After the Franco-Thai war ended, the Thai government declared neutrality. When the Japanese invaded Thailand on 8 December 1941, a few hours after the attack on Pearl Harbor, Japan demanded the right to move troops across Thailand to the Malayan frontier. Phibun turned crisis into opportunity by ordering an armistice. Shortly thereafter Japan was granted free passage, and on 21 December 1941, Thailand and Japan signed a military alliance. Subsequently, Thailand undertook to “assist” Japan in its war against the Allies. Phibun was forced to order a general ceasefire after just one day of resistance and allow the Japanese armies to use the country as a base for their invasions of Burma and Malaya. Hesitancy, however, gave way to enthusiasm after the Japanese rolled their way through Malaya in a “Bicycle Blitzkrieg” with surprisingly little resistance. On 21 December, Phibun signed a military alliance with Japan. The following month, on 25 January 1942, Phibun declared war on Britain and the United States. South Africa and New Zealand declared war on Thailand on the same day. Australia followed soon after. All who opposed the Japanese alliance were sacked from his government. Pridi Phanomyong was appointed acting regent for the absent King Ananda Mahidol, while Direk Jayanama, the prominent foreign minister who had advocated continued resistance against the Japanese, was later sent to Tokyo as an ambassador. The United States considered Thailand to be a puppet of Japan and refused to declare war. When the allies were victorious, United States blocked British efforts to impose a punitive peace.
The Thais and Japanese agreed that Shan State and Kayah State were to be under Thai control. The rest of Burma was to be under Japanese control. On 10 May 1942, the Thai Phayap Army entered Burma’s eastern Shan State, the Thai Burma Area Army entered Kayah State and some parts of central Burma. Three Thai infantry and one cavalry division, spearheaded by armoured reconnaissance groups and supported by the air force, engaged the retreating Chinese 93rd Division. Kengtung, the main objective, was captured on 27 May. Renewed offensives in June and November saw the Chinese retreat into Yunnan. The area containing the Shan States and Kayah State was annexed by Thailand in 1942. They would be ceded back to Burma in 1945.
The Seri Thai (Free Thai Movement) was an underground resistance movement against Japan founded by Seni Pramoj, the Thai ambassador in Washington, with the assistance of the United States Office of Strategic Services (OSS). Led from within Thailand from the office of the regent Pridi, it operated freely, often with support from members of the royal family such as Prince Chula Chakrabongse, and members of the government. As Japan neared defeat and the underground anti-Japanese resistance Seri Thai steadily grew in strength, the National Assembly forced out Phibun. His six-year reign as the military commander-in-chief was at an end. His resignation was partly forced by his two grandiose plans gone awry. One was to relocate the capital from Bangkok to a remote site in the jungle near Phetchabun in north central Thailand. The other was to build a “Buddhist city” near Saraburi. Announced at a time of severe economic difficulty, these ideas turned many government officers against him.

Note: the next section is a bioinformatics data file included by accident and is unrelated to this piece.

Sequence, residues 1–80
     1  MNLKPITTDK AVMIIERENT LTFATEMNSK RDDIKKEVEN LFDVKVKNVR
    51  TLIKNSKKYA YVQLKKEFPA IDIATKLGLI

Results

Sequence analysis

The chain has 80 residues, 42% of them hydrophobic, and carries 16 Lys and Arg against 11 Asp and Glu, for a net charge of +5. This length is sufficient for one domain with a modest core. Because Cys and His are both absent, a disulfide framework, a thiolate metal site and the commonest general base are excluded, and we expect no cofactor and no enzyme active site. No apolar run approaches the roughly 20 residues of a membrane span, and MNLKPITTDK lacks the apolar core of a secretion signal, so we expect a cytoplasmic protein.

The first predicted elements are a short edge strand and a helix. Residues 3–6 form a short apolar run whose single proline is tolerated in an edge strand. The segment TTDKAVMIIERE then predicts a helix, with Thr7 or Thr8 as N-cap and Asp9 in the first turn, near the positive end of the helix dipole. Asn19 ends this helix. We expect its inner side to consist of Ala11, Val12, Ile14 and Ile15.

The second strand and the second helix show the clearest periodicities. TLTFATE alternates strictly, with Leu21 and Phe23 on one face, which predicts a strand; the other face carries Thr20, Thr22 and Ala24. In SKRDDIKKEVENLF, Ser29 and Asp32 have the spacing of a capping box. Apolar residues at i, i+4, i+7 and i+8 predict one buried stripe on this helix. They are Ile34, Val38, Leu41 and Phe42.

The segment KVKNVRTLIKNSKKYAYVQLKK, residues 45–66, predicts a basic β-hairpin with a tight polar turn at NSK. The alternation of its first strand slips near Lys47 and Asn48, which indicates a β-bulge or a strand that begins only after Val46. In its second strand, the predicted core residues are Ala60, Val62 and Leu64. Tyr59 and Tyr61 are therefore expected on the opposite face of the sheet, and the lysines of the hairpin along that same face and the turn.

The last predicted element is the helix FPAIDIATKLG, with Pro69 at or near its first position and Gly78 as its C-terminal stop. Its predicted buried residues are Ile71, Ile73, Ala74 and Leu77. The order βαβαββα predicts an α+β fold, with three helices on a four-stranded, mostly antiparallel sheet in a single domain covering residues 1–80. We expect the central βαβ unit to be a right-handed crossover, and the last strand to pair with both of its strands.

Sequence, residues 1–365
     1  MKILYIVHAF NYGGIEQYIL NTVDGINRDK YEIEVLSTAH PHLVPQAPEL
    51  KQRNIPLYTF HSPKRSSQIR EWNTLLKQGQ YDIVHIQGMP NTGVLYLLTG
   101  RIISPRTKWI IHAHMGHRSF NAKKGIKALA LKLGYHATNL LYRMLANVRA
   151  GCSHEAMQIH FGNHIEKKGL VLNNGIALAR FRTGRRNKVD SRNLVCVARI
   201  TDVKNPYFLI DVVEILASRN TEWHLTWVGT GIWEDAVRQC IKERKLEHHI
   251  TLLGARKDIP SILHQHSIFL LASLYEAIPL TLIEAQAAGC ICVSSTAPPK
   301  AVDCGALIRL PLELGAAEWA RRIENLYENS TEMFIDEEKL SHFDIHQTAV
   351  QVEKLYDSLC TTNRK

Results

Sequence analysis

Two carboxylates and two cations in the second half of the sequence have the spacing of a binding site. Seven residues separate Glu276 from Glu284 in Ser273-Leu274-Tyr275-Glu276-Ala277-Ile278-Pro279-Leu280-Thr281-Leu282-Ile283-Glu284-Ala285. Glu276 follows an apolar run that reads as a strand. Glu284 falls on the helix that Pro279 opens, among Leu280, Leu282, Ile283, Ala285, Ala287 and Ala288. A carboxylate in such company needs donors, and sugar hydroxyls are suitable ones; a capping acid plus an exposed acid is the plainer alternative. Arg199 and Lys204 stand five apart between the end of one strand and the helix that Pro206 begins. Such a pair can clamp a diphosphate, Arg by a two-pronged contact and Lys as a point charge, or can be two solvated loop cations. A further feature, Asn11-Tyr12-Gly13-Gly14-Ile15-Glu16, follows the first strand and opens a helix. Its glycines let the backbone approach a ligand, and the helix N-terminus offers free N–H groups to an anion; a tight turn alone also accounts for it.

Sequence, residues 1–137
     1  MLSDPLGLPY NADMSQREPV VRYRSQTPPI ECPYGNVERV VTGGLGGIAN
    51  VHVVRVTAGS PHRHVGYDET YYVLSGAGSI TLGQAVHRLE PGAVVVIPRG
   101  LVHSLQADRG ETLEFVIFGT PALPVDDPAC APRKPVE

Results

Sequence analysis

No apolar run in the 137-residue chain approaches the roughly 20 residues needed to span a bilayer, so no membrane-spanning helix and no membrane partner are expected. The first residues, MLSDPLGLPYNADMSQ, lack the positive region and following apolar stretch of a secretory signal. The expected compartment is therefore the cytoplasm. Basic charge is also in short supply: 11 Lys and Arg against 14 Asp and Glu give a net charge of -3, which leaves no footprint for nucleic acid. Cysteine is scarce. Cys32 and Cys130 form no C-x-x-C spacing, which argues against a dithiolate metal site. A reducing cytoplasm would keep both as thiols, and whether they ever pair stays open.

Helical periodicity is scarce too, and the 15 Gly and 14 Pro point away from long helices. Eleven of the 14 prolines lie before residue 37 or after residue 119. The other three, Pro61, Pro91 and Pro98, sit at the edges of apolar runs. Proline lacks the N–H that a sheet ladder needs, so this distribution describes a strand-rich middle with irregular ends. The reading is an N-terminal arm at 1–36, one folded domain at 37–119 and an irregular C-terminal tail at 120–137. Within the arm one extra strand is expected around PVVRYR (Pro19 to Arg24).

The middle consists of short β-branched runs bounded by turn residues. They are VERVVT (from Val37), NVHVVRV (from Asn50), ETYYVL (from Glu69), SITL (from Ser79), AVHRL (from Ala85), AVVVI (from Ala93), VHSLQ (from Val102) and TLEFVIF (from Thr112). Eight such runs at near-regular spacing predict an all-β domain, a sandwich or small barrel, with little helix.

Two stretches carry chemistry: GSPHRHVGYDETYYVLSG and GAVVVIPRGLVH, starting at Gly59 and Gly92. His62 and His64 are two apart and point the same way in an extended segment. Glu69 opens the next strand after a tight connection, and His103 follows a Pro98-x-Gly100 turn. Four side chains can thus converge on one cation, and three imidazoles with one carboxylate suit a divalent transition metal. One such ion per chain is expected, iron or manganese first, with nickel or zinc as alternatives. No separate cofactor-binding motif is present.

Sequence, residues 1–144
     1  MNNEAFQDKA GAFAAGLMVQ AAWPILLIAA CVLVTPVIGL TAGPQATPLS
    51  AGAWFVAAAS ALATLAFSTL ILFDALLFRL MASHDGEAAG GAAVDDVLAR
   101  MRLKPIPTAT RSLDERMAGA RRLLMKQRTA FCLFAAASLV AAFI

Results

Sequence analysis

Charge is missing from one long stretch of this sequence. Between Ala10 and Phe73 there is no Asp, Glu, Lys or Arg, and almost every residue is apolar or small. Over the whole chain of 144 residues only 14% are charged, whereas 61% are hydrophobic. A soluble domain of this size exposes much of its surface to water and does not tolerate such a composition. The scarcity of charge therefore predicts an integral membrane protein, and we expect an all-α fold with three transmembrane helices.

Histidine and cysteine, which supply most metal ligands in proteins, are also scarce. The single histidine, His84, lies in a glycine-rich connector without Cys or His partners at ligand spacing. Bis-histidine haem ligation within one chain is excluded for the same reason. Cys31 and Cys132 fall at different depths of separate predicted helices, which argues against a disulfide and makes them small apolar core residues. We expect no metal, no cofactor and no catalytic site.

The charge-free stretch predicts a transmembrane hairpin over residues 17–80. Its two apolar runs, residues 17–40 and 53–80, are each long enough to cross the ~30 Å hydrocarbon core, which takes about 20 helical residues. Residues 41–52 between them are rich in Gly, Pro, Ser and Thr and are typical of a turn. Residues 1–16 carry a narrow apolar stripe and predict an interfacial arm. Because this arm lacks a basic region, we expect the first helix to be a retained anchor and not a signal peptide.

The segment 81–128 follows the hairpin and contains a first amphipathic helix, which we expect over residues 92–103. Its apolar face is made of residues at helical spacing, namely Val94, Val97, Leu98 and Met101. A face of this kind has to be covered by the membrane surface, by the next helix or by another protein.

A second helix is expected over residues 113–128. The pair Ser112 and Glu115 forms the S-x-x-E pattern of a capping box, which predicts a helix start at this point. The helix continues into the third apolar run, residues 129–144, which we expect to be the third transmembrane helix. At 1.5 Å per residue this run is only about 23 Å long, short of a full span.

At war’s end, Phibun was put on trial at Allied insistence on charges of having committed war crimes, mainly that of collaborating with the Axis powers. However, he was acquitted amid intense public pressure. Public opinion was still favourable to Phibun, as he was thought to have done his best to protect Thai interests. His alliance with Japan had Thailand take advantage from Japanese support the expansion of Thai territory in Malay and Burma.
Allied occupation of Thailand (1946)
After Japan’s defeat in 1945, British, Indian troops, and US observers landed in September, and during their brief occupation of parts of the country, disarmed the Japanese troops. After repatriating them home the British left in March 1946. US support for Thailand blunted Allied demands, although the British demanded reparations in the form of rice sent to Malaya, and the French, the return of territories lost in the Franco-Thai War. In exchange for supporting Thailand’s admission to the United Nations, the Soviet Union demanded repeal of anti-communist legislation. Former British POWs erected a monument expressing gratitude to the citizens of Ubon Ratchathani for their kindnesses.